BY ANA PRUNDARU
For new writers and those pursuing alternative fields, the submission process can be quite nerve wracking, if not straight up soul crushing. Various journals have incredibly strict guidelines about what kinds of works and writers they strive to publish, while others contain a contributor’s list boasting so many intimidating crème de la crème journals that it will likely deter most emerging writers from submitting. Whether found poetry is your thing, or you like to write on prompts, the magazines listed here celebrate the craft of writing in its variety, while welcoming contributors from all walks of life.
After the Pause
After the Pause explains its name as follows: Life throws pauses at us, art follows the pause. Thus, whether your piece was inspired by a beautiful experience, or an unforgettably sad event, as long as it explores the human condition, they want to see it. This journal publishes mainly online, but has a print anthology scheduled for 2016. Their aim is to feature diverse and experimental pieces from the Midwest and the world. AP warmly welcomes emerging writers.
For the sister site of Unbroken Journal, editor R.L. Black is looking for various types of found poetry, as well as artwork. Previous poems range from humorous to poignant, come in all forms and sizes and were created from Google searches, novel chapters, song lyrics and other sources.
Souvenir Lit Journal
This beautifully curated journal features adventurous and well crafted prose and poetry next to each writer’s depiction of his or her favorite souvenir. Souvenir Lit invites new and emerging writers to submit and is open to all forms and topics that stir a strong emotion from the reader.
Kyler Zeleny has collected thousands of unidentified Polaroid images over the years, eventually deciding to launch a site that celebrated and honored the legacy of those portrayed in them. Writers are invited to browse the online album for inspiration, pick a photograph and deliver a micro narrative uncovering such questions as who they were, what their motivation was and where they were going. The mission, in Kyler Zeleny’s words, is to ‘give life back to images that might otherwise find themselves in a waste bin.’
Another venue for works inspired by artwork is Visual Verse. An anthology of art, fiction, nonfiction and poetry, they offer a unique writing experience, in that they supply an image and the writer has one hour to come up with a matching written work of 50-500 words. The resulting pieces both surprise and delight with their diversity of aesthetics and innovation.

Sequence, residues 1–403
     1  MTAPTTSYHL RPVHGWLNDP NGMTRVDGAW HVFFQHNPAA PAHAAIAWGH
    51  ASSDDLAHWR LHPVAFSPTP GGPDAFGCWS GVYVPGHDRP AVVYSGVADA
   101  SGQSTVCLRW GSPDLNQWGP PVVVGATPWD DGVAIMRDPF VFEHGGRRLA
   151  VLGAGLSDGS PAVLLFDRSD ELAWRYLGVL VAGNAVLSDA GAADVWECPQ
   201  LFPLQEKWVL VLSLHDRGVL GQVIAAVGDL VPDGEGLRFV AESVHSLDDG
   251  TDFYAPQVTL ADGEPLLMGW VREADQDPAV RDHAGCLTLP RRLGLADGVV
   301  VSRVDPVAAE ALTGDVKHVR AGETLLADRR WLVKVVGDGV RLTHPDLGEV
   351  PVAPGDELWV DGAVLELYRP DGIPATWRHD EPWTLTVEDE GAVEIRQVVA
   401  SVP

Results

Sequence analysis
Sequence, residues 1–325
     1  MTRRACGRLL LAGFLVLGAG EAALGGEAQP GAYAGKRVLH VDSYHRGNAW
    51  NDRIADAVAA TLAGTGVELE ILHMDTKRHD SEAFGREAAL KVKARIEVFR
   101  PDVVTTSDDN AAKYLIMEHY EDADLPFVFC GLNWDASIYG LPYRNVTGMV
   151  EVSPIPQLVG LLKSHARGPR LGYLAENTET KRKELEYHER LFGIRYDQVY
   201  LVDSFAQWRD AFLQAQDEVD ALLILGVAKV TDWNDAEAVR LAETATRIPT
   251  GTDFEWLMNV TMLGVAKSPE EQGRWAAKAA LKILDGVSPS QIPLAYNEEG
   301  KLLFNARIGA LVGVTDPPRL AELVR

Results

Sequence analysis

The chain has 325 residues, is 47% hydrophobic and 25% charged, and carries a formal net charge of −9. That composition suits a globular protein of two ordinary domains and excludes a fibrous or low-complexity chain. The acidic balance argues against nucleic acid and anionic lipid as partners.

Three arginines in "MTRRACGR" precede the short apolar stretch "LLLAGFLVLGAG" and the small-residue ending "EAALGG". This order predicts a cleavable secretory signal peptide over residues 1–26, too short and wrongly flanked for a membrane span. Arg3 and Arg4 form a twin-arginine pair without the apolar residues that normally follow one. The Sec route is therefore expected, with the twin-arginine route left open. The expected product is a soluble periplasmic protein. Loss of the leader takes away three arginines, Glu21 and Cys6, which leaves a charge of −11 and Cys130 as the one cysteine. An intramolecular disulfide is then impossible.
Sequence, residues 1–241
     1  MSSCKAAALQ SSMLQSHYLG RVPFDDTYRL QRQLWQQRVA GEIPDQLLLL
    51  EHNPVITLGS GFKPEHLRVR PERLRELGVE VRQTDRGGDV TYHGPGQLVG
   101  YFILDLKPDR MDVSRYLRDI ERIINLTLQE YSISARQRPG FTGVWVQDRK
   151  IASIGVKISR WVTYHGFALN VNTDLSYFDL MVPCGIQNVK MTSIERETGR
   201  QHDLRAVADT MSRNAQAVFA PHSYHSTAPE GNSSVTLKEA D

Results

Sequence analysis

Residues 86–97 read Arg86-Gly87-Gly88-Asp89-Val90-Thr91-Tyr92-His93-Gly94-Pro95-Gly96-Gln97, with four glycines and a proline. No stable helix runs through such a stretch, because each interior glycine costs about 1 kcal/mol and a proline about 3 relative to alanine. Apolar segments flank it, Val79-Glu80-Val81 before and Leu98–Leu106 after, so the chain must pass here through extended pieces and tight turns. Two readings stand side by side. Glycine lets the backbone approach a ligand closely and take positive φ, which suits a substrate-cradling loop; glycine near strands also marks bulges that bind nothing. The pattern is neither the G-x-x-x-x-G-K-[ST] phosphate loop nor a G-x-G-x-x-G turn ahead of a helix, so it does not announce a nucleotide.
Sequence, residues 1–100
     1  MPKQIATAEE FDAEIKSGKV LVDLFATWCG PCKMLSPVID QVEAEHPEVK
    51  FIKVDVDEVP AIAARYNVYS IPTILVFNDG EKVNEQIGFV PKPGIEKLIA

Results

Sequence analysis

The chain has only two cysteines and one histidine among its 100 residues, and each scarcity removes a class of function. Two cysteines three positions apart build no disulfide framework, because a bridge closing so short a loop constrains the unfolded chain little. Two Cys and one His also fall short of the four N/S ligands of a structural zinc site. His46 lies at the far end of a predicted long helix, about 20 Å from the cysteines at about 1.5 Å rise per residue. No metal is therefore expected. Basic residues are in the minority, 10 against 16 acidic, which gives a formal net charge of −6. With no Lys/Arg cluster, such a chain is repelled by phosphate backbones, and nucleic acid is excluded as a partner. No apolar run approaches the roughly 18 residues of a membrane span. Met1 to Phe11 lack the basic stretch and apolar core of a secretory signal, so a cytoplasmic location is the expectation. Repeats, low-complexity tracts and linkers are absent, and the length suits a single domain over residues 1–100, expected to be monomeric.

Queen Mob’s Teahouse, Misfit Documents
This online magazine is the sister site of Berfrois and publishes bold new writing on a daily basis, covering a broad range of topics that stretch from politics to pop culture. Absolutely no limits are set for the Misfit Documents section. Different voices, ideas, perspectives and esthetics are encouraged to submit their unconventional visual and written works.
With a goal of promoting short-form prose, this journal delivers fresh works of exactly 101 words to your mailbox and on their site. The publication has a dynamic and accessible community-feel to it, where readers can comment on stories or peruse an assortment of eloquently written flash fiction from other literary magazines, weekly curated by a different guest editor. Moreover, 101 words regularly runs contests, as well as book giveaways.
Those of you who enjoy writing to prompts will want to consider submitting to this edgy magazine from NY. Their mission is straightforward: To display gorgeous, sharp writing inspired by an image of an individual that is holding something in his or her hand. Potential contributors are asked to send an e-mail and then submit a piece inspired by the image they received as a prompt.
Star 82 Review
Brought to life by Alisa Golden, senior adjunct professor for the Printmaking Program at California College of the Arts, this magazine wants hybrid forms, including postcard literature, erasures and collages. Leafing through their aesthetically pleasing, experimental, yet not too abstract back issues, it is clear that the magazine values quality storytelling in the most creative way possible. Contributors come from near and far, giving the impression of genuine inclusiveness.
Against the backdrop of the site’s minimalist, but sublime design, a diverse range of voices give insights into one of the most drastic human experiences; that of loss and grief. For its exemplary contribution to the literary sphere, LossLit – despite being around for only a year – has already been short listed for the Saboteur Awards.